Nothing could touch Brokmeyer for as long as St. Louis thrived. In 1871, when a massive fire turned Chicago into a pile of metropolitan ash, Brokmeyer failed to hide his schadenfreude. "Chicago was the completely negative city of our West and indeed of our time," Brokmeyer told the group, "and now she has carried out her principle of negation to its final universal consequence; she has simply negated herself."The census that year showed that Chicago had eclipsed St. Louis in population by 150,000 people. Brokmeyer hired a mathematician at Washington University to dispute the census, but the academic could find no wrong.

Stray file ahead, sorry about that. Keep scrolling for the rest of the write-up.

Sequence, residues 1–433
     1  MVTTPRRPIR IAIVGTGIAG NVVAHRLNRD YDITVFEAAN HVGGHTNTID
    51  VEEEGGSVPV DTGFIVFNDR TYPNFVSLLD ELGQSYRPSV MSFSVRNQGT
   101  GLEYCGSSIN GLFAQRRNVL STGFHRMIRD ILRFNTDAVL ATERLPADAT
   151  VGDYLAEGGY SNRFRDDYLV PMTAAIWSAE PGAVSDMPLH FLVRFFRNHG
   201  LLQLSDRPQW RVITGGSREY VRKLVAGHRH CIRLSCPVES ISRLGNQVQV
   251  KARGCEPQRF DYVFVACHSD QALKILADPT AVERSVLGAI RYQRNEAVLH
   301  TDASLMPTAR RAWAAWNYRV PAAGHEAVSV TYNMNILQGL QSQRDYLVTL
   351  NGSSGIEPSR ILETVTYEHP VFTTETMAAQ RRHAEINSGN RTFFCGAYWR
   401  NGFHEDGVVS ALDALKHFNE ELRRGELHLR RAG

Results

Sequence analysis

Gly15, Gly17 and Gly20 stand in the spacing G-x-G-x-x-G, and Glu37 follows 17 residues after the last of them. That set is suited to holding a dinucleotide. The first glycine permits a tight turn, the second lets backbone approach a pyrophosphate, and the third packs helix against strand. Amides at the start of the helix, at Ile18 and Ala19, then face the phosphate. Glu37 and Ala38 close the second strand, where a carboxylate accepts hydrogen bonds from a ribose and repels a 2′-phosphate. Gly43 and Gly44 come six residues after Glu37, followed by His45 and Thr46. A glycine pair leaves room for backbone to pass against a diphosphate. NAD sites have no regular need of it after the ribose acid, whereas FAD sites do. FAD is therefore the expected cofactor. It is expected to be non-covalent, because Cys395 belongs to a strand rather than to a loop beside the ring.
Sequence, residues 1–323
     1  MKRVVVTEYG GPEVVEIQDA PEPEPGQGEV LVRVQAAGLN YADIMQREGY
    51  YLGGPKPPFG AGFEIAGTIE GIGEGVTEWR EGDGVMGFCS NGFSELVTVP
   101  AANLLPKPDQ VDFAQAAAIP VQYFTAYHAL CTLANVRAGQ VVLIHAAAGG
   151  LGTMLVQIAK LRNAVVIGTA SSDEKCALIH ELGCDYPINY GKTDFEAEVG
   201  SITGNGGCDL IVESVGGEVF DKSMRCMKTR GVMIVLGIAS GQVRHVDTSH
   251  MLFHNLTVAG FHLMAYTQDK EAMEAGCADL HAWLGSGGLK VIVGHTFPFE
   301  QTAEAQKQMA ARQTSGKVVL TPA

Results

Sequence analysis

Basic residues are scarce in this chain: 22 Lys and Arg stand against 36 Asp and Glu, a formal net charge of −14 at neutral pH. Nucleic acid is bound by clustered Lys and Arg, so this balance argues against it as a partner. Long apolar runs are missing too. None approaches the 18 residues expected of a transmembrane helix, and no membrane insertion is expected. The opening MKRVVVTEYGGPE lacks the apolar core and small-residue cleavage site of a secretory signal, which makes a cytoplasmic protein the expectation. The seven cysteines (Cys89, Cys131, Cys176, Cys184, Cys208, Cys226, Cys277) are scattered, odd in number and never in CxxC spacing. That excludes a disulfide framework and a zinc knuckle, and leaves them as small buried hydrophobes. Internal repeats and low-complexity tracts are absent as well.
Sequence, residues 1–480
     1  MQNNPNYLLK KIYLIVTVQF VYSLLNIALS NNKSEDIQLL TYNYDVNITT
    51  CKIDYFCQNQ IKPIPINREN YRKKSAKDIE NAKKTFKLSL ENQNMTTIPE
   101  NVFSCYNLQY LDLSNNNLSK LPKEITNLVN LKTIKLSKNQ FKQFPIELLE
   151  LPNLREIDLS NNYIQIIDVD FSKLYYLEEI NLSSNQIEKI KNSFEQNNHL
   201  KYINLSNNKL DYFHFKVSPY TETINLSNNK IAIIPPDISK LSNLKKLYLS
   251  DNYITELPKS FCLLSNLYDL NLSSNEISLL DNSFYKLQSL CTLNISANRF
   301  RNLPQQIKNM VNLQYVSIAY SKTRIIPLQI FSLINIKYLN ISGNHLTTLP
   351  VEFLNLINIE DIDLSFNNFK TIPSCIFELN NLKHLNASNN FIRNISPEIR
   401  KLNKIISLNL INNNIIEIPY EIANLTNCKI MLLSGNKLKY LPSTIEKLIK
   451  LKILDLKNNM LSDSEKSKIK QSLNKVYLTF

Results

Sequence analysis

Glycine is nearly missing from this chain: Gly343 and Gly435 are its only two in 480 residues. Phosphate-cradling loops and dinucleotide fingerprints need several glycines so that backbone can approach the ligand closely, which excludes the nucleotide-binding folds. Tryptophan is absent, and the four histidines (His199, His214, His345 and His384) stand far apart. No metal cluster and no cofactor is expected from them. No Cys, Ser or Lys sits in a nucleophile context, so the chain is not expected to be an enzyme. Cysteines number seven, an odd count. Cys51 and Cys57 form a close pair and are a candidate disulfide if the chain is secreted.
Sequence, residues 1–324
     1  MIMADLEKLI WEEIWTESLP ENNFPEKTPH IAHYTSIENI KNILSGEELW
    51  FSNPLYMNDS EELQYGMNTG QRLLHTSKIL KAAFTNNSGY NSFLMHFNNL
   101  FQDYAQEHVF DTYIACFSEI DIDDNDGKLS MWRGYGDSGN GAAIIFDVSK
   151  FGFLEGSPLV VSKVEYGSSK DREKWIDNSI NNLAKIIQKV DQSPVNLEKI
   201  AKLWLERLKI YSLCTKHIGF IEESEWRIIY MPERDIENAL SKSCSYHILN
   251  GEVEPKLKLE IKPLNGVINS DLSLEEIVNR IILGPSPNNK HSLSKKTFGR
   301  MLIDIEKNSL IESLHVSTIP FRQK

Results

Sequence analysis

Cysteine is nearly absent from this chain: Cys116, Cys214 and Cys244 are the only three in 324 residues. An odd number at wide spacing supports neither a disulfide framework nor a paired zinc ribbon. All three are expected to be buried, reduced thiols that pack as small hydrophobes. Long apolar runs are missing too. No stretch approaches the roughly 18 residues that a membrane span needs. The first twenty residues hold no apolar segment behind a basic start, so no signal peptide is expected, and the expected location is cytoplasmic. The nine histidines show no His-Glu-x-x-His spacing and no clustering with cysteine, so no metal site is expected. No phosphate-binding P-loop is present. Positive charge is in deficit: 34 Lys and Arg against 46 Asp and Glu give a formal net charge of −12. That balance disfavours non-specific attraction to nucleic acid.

Brokmeyer was making bolder and bolder predictions about his adopted city, and St. Louis rose to meet them. The city's harbor was second only to New York. Already, between 1820 and 1860, the population had grown seven times over. Meanwhile, he spent the latter years of the decade as Missouri's lieutenant governor.
And then came 1880.
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